Hosted by Les Wilson and Stu Feinstein
2:00pm October 31st
MSRB (Marine Science Research Bldg) Auditorium
Reception on the 2nd Floor Deck Immediately Afterwards
Attire: Costumes preferred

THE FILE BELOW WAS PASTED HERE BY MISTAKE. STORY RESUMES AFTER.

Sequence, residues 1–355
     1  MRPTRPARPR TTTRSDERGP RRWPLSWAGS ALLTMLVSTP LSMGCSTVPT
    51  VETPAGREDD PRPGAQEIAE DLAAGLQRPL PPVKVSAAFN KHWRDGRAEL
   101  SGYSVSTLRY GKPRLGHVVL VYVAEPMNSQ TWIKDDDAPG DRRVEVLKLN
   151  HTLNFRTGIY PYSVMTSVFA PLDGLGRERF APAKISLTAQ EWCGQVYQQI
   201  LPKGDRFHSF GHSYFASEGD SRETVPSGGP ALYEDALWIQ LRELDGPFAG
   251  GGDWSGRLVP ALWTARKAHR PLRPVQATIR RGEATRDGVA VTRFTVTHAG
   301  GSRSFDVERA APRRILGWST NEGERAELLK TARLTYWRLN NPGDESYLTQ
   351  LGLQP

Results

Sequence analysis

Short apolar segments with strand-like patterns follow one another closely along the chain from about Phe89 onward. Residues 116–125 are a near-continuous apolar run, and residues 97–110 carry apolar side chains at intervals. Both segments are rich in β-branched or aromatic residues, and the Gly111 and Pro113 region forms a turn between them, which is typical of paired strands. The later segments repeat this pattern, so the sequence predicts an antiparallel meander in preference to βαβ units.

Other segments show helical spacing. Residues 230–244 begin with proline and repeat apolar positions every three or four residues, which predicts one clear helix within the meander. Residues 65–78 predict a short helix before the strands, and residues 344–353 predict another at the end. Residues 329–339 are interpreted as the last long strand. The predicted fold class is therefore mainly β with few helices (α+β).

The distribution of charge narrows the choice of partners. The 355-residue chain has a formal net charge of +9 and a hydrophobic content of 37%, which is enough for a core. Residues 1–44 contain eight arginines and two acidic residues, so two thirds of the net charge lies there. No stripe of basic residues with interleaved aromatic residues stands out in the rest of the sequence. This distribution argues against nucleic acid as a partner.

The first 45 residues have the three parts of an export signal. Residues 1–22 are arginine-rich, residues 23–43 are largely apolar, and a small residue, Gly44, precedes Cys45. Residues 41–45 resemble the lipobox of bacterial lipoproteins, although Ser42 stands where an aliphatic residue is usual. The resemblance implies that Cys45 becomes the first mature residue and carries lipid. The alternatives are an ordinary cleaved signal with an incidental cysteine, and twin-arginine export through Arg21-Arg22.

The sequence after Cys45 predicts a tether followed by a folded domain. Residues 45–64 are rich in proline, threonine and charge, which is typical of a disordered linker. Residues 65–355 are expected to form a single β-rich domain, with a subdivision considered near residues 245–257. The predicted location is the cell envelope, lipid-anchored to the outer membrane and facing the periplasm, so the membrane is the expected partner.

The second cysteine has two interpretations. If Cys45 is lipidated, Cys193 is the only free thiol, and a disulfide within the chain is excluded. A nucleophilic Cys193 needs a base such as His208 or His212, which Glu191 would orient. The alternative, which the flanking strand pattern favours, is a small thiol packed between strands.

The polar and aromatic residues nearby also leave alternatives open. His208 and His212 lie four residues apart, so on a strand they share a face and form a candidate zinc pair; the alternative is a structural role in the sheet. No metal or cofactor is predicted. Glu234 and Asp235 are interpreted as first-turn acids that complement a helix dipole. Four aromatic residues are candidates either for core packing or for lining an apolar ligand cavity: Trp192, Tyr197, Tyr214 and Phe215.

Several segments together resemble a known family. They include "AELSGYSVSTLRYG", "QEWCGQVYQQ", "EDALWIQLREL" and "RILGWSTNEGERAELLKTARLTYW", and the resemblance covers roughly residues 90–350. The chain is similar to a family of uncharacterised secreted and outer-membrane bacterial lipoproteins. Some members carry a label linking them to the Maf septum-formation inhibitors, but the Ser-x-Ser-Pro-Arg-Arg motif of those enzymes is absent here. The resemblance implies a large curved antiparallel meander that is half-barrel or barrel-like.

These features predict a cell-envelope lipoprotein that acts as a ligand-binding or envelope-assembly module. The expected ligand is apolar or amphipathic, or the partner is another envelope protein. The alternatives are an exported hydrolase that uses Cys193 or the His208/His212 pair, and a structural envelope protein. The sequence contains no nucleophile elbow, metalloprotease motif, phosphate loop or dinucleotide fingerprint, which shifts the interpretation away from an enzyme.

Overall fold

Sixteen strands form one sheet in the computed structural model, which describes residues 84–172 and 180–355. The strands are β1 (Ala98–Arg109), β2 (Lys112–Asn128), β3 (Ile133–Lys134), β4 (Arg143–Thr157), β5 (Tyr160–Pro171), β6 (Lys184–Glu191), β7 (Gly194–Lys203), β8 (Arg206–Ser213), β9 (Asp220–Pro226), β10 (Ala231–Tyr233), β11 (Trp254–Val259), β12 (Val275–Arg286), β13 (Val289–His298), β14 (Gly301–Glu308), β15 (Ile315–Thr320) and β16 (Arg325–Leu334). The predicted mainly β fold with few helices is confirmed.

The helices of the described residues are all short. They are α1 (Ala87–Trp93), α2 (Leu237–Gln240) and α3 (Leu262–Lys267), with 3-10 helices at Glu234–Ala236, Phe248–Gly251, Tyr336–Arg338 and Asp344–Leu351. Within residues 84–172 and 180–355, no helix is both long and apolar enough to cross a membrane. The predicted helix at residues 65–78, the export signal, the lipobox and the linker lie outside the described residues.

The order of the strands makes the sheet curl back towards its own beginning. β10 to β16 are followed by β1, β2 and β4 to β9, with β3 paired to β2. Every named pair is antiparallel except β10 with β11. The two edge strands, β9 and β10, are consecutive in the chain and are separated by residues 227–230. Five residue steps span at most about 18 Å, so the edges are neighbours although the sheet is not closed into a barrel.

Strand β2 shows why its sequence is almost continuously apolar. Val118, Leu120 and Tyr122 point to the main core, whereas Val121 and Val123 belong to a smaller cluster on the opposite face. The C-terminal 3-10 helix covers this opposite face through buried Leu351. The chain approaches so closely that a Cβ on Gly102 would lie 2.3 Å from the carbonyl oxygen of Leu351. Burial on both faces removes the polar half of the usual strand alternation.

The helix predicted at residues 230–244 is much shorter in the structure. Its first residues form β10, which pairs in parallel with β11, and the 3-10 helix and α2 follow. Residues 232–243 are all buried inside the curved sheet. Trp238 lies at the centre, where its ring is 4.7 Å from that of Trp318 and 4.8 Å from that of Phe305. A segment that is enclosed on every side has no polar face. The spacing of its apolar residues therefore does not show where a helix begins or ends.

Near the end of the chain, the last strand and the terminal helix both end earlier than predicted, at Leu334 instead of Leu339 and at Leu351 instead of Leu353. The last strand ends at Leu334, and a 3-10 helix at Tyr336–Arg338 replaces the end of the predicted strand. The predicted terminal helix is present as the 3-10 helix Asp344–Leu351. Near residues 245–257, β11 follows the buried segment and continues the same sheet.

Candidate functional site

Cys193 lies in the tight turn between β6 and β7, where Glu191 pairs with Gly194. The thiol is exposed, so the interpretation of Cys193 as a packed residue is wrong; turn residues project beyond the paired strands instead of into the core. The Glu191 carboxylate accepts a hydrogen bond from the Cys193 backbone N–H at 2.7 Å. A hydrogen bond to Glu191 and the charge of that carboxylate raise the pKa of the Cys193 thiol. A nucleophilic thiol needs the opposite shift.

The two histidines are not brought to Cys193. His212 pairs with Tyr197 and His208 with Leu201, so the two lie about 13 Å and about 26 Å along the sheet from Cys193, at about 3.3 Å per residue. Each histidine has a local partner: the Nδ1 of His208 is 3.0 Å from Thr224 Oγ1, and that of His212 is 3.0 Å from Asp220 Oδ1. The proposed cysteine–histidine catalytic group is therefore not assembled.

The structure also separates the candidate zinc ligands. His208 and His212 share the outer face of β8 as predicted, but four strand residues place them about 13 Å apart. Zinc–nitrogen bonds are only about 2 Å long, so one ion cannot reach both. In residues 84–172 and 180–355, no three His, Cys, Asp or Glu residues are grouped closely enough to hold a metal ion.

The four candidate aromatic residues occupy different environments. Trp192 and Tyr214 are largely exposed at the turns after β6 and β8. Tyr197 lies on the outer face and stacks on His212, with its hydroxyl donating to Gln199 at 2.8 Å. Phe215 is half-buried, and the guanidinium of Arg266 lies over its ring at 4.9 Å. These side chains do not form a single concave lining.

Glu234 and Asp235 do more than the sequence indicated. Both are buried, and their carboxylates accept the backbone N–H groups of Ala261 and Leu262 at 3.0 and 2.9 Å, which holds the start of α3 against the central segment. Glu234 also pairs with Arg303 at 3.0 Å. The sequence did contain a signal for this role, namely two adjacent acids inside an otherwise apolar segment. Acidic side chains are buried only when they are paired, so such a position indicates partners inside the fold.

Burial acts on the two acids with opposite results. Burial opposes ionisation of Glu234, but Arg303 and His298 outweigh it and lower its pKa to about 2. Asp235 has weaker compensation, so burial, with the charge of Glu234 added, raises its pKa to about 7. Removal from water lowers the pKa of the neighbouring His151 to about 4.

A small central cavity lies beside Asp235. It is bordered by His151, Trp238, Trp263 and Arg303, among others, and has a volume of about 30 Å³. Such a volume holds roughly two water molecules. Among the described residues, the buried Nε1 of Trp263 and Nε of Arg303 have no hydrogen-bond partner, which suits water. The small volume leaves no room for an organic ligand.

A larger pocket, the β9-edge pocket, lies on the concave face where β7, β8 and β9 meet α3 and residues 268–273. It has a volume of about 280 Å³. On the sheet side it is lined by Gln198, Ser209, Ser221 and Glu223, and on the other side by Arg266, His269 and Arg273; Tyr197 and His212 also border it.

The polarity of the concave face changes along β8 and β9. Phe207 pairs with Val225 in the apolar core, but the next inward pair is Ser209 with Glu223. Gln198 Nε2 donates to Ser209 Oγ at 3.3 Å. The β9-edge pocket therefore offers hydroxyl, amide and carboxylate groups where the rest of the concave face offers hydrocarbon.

Why do neurons generate multiple isoforms of the microtubule-associated protein tau in a developmentally-coordinated manner? How does disruption of tau isoform balance in neurons cause neurodegenerative disease in humans? In this study, we used a kinesin-driven microtubule gliding assay as a molecular reporter for tau induced changes in intrinsic microtubule surface topography. We find that assembly of microtubules by either 3R or 4R tau differentially regulates gliding velocity, independent of tau concentration. We suggest that these different velocities reflect distinct tau-induced topographies intrinsic to the MT surface. Additionally we find that kinesin dramatically stabilizes microtubule dynamic instability, while both tau isoforms increase microtubule rigidity. Together, these tau-mediated effects upon structure and function may be critical for proper neuronal development and maintenance, and when impaired, could lead to neurodegenerative disease.